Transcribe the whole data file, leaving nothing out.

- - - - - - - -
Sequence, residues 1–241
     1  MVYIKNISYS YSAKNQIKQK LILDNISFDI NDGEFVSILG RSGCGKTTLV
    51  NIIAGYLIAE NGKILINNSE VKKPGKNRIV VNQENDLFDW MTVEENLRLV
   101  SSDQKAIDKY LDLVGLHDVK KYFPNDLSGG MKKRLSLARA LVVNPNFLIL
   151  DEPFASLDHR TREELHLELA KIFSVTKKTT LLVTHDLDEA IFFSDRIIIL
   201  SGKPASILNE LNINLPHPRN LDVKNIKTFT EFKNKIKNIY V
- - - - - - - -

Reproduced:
Sequence, residues 1–241
     1  MVYIKNISYS YSAKNQIKQK LILDNISFDI NDGEFVSILG RSGCGKTTLV
    51  NIIAGYLIAE NGKILINNSE VKKPGKNRIV VNQENDLFDW MTVEENLRLV
   101  SSDQKAIDKY LDLVGLHDVK KYFPNDLSGG MKKRLSLARA LVVNPNFLIL
   151  DEPFASLDHR TREELHLELA KIFSVTKKTT LLVTHDLDEA IFFSDRIIIL
   201  SGKPASILNE LNINLPHPRN LDVKNIKTFT EFKNKIKNIY V